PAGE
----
The Book Itself: Now that is a title…but doesn’t it look so whimsical, so pleasant?? A little girl, a cute doggy wearing a scarf. Come on.
My Review: Elsa is seven years old and different. Her grandmother is seventy-seven years old and crazy, standing-on-the-balcony-firing-paintball-guns-at-men-who-want-to-talk-about-Jesus-crazy. She is also Elsa’s best, and only, friend. At night Elsa takes refuge in her grandmother’s stories, in the Land of Almost-Awake and the Kingdom of Miamas where everybody is different and nobody needs to be normal.
When Elsa’s grandmother dies and leaves behind a series of letters apologizing to people she has wronged, Elsa’s greatest adventure begins. Her grandmother’s letters lead her to an apartment building full of drunks, monsters, attack dogs, and totally ordinary old crones, but also to the truth about fairytales and kingdoms and a grandmother like no other.
When I was in college, I took a yearlong Creative Writing seminar where we had to focus on a theme in our writing or the stories we read and write a term paper about it at the end of the year. I wrote about the imaginative world that young characters built for themselves in order to distract from problems in their present reality.
Too bad MGAMTTYSS wasn’t written back then. Because I totally could have used it.
Notice that I have to abbreviate that thing. When people asked me what I was reading, I usually responded with something like this: “It’s called My Grandmother Told You She Said…wait, no. It’s My Grandmother Asked Me to Say That…that’s not it either.” I don’t know why it was so hard for me to remember the title. But it’s kind of a long title! Especially for an author whose last book was simply titled A Man Called Ove.
I’d heard good things about Ove. And MGAMTTYSS is completely endearing, so Ove might have to go on my to-read list.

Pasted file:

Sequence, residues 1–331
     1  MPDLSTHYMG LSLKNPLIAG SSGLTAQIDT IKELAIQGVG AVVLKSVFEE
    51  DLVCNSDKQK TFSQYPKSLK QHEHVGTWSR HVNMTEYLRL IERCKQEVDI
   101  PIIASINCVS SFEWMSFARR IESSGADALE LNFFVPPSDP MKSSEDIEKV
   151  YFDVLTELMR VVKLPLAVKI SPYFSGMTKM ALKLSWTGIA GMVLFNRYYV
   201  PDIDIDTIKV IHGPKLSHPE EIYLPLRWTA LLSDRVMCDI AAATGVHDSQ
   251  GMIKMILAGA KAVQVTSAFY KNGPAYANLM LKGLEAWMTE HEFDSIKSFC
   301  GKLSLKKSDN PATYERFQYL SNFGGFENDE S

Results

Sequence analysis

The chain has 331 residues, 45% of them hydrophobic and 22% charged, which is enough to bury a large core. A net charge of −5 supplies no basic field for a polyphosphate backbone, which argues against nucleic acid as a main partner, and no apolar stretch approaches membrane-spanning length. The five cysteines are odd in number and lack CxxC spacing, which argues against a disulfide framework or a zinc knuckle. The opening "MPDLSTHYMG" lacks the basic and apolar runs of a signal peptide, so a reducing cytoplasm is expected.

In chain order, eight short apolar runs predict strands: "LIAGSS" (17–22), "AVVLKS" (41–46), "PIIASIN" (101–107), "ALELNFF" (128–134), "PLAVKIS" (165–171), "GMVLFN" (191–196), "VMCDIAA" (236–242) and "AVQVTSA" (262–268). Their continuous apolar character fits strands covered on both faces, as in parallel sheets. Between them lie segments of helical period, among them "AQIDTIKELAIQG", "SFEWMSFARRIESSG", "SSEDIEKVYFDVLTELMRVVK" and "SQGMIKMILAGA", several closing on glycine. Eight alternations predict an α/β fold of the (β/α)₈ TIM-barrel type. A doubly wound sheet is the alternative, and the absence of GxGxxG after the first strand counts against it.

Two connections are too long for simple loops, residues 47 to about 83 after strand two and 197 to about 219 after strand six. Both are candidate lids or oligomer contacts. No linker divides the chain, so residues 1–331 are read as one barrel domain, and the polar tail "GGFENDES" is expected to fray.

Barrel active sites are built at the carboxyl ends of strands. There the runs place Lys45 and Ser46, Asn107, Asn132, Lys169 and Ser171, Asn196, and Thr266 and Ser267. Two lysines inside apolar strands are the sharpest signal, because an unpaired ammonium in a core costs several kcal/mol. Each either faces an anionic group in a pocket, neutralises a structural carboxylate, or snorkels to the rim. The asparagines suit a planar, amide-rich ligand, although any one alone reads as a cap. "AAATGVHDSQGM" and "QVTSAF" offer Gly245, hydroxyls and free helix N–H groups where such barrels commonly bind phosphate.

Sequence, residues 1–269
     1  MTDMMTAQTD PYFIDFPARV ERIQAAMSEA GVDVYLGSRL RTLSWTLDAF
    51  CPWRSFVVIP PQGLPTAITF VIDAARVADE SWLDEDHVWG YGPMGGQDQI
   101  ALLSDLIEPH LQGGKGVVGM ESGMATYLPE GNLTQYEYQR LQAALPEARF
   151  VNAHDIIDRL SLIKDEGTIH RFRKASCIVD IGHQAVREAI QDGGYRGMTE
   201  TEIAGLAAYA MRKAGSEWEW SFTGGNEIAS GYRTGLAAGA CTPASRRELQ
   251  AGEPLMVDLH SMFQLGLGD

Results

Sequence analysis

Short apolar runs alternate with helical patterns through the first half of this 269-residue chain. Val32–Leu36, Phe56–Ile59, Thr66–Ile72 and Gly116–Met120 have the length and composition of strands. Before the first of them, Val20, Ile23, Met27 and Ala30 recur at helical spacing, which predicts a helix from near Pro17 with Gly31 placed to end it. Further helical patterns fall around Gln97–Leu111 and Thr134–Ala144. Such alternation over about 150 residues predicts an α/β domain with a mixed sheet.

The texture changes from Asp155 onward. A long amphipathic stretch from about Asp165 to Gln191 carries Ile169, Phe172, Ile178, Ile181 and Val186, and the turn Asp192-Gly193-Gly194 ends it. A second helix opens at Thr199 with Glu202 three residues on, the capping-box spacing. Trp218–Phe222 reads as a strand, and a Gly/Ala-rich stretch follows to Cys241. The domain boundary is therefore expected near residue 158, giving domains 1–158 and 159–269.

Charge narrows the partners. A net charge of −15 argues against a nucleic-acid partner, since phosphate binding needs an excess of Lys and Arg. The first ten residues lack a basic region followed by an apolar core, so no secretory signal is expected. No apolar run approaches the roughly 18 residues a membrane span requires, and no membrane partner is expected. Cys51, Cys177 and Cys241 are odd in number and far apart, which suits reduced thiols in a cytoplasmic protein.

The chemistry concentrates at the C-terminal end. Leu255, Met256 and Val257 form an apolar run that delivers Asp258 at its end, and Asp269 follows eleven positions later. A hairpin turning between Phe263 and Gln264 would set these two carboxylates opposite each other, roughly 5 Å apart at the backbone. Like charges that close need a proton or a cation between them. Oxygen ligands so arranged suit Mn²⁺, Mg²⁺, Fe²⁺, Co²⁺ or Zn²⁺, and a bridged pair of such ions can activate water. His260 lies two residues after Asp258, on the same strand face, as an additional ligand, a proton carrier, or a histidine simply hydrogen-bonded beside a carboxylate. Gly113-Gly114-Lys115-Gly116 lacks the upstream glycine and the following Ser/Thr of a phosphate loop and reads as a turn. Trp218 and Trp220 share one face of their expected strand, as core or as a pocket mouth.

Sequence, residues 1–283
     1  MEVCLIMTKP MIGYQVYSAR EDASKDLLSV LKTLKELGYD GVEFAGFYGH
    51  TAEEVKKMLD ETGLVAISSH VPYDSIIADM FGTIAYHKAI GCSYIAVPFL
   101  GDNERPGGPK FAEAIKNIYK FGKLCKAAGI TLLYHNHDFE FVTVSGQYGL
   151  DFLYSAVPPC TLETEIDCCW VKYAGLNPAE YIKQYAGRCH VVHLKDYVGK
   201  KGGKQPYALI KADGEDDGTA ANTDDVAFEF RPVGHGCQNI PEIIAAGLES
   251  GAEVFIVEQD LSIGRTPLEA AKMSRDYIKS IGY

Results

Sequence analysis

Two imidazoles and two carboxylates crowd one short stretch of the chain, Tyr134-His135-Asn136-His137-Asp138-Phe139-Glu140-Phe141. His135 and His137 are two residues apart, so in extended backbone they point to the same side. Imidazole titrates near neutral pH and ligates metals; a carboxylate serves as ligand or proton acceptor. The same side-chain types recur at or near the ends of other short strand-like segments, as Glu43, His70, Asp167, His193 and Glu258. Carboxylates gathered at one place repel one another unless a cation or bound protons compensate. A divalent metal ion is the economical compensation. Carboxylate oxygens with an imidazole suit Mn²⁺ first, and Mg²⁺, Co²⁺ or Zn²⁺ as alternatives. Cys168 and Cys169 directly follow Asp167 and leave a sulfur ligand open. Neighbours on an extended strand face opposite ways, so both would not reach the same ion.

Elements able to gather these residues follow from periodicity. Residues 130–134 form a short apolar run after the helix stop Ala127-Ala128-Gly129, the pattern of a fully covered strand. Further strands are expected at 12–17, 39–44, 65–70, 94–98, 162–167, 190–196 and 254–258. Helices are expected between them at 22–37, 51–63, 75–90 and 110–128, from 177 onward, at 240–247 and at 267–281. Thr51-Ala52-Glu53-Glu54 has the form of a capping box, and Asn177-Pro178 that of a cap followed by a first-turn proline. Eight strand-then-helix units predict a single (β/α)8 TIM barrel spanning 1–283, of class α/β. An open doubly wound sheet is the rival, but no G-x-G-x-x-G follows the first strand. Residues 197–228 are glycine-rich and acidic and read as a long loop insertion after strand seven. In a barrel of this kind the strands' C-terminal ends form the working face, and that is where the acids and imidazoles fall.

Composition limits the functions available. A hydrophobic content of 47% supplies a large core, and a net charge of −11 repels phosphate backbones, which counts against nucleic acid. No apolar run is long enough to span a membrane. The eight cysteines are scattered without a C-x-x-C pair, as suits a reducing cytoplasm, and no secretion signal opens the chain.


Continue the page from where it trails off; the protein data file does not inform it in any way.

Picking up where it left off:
Elsa lives with her mother and stepfather in a big apartment building with perhaps the most motley assortment of characters you’ve ever seen. This includes her grandmother, who has fed Elsa bedtime stories set in the Land of Almost-Awake for as long as Elsa can remember. It is an elaborate world, with seven different kingdoms and wars and magical creatures not seen anywhere else.
And then Elsa’s beloved grandmother dies, and Elsa begins to see the parallels between her grandmother’s real, tumultuous life and the stories she told to put Elsa to bed.
This story does a great job with complex characters. Elsa’s grandmother is only alive for the first chapter or so in the book, but her background is slowly filled in with detail provided by the people she has Elsa deliver letters to. Her story is heartbreaking and heartwarming at the same time, and I found her to be totally believable. I could see an eccentric old lady, jaded from memories in her past and haunted by mistakes she made with her own daughter, clinging to a granddaughter and trying it make it so that her young life is filled with as much positivity and fun as possible. But she also knows that Elsa must grow up, and by slowly revealing the characters from the Land of Almost-Awake in the real world, she hopes to ease her into that.
The book also helped me appreciate a character I initially loathed. I despised her for most of the book. Britt-Marie is the building busy-body who is so passive aggressive, it hurts your teeth, you’re gritting them so hard. I could hear her voice, all simpering and sweet, insulting Elsa’s mother for working when she has a young child and a baby on the way. I hated her along with the other building residents, whose monthly meetings were run by this dictator in a floral jacket.
And then you find out more about her backstory. And she has such a moment of strength toward the end of the story that I really found myself rooting for her. She’s still a rude busybody, but at least she was somewhat redeemable.
Elsa herself can be a little inconsistent. She is a seven (“almost eight,” she likes to point out) year old child, but sometimes acts like an adult or teenager in her knowledge or understanding. In one scene, she mistakes a therapist for a terrorist, even pronouncing it with a childlike lisp (“terrapist”). In a later scene, she talks about a therapist in her past. So…if she had one in her past, how come she didn’t remember what one was? Her voice wobbles in maturity. She understands too much, and then she seems to understand nothing at all about how the world works. I think child narrators are often difficult because you want to write them like adults, but you still have to maintain a childlike wonder and simplistic understanding of the setting. I think that was a little shaky at some parts in this book.
The book did lag for me a little. I tended to put it down for a couple of days between chapters. But the characters were vivid – the Hagrid-like giant “Wolfheart,” the “wurse,” or giant dog who becomes Elsa’s friend and confidante (and who she feeds a frightening number of chocolates to). It is a lovely, complex book which has a great side-world to its story in the Land of Almost-Awake.
My Grade: B